What female voters in Philly suburbs really think

Story highlights

  • Trump must do better with female voters to win Pennsylvania, a critical battleground state
  • Some female Trump supporters say they're motivated by their opposition to Clinton

(CNN)Donald Trump may get the raucous crowds, but where his daughter is hitting the trail is speaking volumes: the Philadelphia suburbs.

It's where her father must win in order to become president, but it's also full of voters -- mostly women -- who are likely to be turned off by Trump's caught-on-tape lewd comments, and allegations of groping women.
    Ivanka Trump's whirlwind day trip took her through all four of the so-called collar counties of Philadelphia as she worked hard to connect with female voters.
    "I wouldn't be able to go to the office every day if I didn't have a safe place to leave my children," she said in Drexel Hill. Earlier in Malvern, she spoke about her father's role as a mentor in her life. "He was a great dad growing up and having three children myself, I recognize now it's really hard to be a good parent and it's very hard to raise a close knit family."
    Ivanka played it very safe here, fielding only softballs from the crowds, like why she thinks her father would make a good president. In fact, that same question was asked at two events, as was a question about her memories of Philadelphia from when she attended the University of Pennsylvania.
    She was preaching to the choir. The rooms were packed with women, and some men, already all in for Trump despite his salacious language caught on tape, and several women coming forward accusing him of groping them.
    "He was at that time a reality TV star," said Melissa Braithwaite who, along with two friends, made clear they were steadfast and even defiant in their support for Trump. "I think he wasn't saying what he does to women per se," she explained. "I think he was just bragging."
    Others blamed the media, and the Democrats, for dredging up an old tape of Trump, saying it has nothing to do with the issues that draw them to the billionaire.
    Still, when Pennsylvania Republican Jessica Curtis told us she was voting for Trump, she sounded a bit reluctant.
    "It's been a hard road," she said, sitting next to her 12-year-old daughter. "If he said all those things right now -- in a different context it might be different but I had to separate it and I think he would do a better job representing a lot of what America needs," she added.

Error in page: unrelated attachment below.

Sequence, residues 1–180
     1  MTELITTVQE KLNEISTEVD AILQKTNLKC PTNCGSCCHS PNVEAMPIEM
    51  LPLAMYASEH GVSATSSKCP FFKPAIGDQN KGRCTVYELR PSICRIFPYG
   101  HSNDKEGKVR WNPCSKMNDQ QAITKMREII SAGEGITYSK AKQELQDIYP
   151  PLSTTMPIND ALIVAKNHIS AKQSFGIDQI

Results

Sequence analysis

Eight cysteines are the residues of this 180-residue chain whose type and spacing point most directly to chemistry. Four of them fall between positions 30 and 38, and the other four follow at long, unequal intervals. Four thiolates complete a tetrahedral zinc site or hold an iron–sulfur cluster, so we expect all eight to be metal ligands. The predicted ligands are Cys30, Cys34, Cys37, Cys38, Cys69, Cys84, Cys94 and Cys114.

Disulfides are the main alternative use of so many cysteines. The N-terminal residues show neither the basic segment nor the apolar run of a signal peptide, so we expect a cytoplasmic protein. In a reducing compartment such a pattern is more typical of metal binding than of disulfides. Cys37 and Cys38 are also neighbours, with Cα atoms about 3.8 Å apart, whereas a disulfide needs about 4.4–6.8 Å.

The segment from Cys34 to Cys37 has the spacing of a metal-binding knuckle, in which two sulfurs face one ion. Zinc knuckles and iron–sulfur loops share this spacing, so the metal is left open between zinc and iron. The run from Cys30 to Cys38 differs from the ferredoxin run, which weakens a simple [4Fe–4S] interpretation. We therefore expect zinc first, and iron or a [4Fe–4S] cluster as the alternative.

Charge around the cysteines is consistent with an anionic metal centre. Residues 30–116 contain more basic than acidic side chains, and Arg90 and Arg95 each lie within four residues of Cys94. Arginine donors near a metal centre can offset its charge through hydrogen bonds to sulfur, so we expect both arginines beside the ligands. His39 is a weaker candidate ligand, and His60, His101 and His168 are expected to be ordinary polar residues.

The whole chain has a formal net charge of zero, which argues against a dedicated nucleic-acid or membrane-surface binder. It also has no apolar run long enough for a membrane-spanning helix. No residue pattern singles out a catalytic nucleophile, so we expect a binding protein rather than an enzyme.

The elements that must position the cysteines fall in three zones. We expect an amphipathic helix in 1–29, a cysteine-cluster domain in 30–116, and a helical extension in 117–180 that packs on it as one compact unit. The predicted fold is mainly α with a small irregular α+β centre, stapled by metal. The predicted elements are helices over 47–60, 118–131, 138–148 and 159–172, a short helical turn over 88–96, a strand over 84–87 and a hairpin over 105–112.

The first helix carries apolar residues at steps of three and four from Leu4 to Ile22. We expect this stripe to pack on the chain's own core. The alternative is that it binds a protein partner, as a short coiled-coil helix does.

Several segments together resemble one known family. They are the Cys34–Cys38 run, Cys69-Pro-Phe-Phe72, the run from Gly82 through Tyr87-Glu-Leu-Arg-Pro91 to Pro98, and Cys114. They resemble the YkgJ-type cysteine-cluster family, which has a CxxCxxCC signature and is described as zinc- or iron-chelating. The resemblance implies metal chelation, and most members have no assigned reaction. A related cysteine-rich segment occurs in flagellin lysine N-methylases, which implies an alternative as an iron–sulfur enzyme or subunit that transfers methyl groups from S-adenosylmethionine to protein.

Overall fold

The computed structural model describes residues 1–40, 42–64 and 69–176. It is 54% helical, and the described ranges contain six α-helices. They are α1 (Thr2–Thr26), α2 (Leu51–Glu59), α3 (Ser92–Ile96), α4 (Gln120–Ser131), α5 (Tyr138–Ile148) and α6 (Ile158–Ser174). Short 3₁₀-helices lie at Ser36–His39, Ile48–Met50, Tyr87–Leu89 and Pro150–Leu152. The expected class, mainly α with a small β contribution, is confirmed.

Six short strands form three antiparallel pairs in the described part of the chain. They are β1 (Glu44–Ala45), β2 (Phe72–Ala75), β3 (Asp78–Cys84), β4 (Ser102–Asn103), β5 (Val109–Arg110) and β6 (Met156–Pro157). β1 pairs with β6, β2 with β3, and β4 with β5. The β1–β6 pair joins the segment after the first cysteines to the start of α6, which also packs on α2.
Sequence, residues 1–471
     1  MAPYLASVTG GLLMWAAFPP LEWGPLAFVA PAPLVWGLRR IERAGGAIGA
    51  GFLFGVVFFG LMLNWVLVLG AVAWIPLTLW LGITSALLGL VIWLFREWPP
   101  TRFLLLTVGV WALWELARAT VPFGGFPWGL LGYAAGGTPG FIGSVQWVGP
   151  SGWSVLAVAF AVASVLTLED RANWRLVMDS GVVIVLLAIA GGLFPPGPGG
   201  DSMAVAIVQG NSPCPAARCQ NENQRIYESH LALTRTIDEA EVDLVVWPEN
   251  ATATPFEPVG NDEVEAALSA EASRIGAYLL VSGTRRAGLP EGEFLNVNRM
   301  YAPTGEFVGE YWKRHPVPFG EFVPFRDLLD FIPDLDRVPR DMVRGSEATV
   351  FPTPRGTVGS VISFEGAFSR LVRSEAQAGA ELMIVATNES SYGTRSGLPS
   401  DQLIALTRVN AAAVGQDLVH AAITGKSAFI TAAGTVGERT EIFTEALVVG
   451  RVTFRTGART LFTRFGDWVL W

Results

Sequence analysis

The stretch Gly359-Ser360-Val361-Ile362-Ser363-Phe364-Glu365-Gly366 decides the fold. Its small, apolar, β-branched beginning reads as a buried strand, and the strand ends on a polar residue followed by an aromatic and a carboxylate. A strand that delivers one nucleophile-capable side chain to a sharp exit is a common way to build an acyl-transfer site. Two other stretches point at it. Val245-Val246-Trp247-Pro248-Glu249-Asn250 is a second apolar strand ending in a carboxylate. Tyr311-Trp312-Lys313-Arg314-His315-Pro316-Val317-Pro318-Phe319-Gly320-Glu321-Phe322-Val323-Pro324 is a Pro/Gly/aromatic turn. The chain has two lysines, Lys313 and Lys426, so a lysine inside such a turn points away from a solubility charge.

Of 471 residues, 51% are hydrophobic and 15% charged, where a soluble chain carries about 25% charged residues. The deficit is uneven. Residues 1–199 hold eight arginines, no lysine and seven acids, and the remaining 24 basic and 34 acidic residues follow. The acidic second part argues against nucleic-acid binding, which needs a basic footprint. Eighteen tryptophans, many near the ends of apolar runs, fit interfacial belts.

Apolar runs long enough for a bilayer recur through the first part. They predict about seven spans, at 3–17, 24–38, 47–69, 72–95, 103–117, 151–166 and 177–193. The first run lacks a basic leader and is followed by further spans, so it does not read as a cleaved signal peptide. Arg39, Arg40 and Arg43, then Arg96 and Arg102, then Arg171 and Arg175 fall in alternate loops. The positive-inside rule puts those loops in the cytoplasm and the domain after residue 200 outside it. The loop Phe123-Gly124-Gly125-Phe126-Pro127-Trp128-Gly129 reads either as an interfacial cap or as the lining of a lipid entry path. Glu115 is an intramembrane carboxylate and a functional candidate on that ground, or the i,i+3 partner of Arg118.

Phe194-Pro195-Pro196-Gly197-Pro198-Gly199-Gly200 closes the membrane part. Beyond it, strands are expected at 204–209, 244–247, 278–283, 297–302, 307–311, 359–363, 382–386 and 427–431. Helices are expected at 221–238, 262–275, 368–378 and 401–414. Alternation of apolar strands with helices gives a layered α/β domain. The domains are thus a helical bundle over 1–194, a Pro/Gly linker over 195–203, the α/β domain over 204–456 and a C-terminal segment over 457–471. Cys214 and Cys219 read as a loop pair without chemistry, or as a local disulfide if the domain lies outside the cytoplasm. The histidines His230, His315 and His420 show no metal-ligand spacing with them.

Ivanka Trump did not take questions from reporters. She darted out of events in Chester and Delaware counties, ignoring our attempts to ask her anything.
    But Republican leaders here are well aware of the political reality outside of these tightly scripted events.
    A new poll from Bloomberg shows Trump trailing Hillary Clinton by a whopping 43% among female voters in the Philadelphia suburbs. Several GOP officials here privately say they have seen the bottom drop out in their own party polling since Trump's 2005 comments to "Access Hollywood" were leaked late Friday.
    Team Trump was clearly hoping local media coverage of Ivanka's events, and her positive comments about her father, will penetrate with female voters.
    For Trump to win Pennsylvania, it has to. In 2012, 22% of the total Pennsylvania vote came from the four counties that make up the Philadelphia suburbs. Mitt Romney lost all but one, Chester County, which he barely won.
    When Trump visited the Pittsburgh area the day after the last debate, he promised to be back to the Philly suburbs again and again, "because we got to get that vote," he said.
    A group called Women for Trump is feverishly trying to do just that -- working the phones at a call center and going door to door -- even those who are not thrilled with his behavior.
    "I'm a feminist and of course it bothered me," said Marlene Furgiuele-Mentzer, who was making calls in Delaware County. "However, the topics that are facing this country are far greater than the words on that tape and that's the bottom line."
    On the suburban Philadelphia streets, some female Trump supporters say they're motivated by their opposition to Clinton.
    "I think she's a liar. I think she's a fraud. I think she covers up a lot of things," said Colleen Green.
    But Susan Sluk, the owner of Eat. Drink. Om, a yoga studio in West Chester, Pennsylvania, said her female clients are now more likely to vote Clinton.
    "I'm hearing a lot of women that are really starting to dig their heels in and feel empowered about themselves based on what is happening in the campaign," said Sluk.
    That's true for some who say Clinton is hardly first choice.
    "If it were any other Republican candidate, maybe I would try to write Bernie in, but it's not just a time for a protest vote," said Hannah Collins.
    Every Wednesday night for months, Democrats in these suburbs have held what they call "women to women" phone banks for Clinton. This week, several said Trump's troubles are making their jobs much easier with many who were far from enthusiastic about the Democratic candidate.
    "A number of people have said to me that what was sort of an 'I'm going to hold my nose and vote for Secretary Clinton' has now turned into steadfast support," said Montgomery County Commissioner Val Arkoosh.
    The question is whether Ivanka Trump, or any Trump, can turn that around in under four weeks.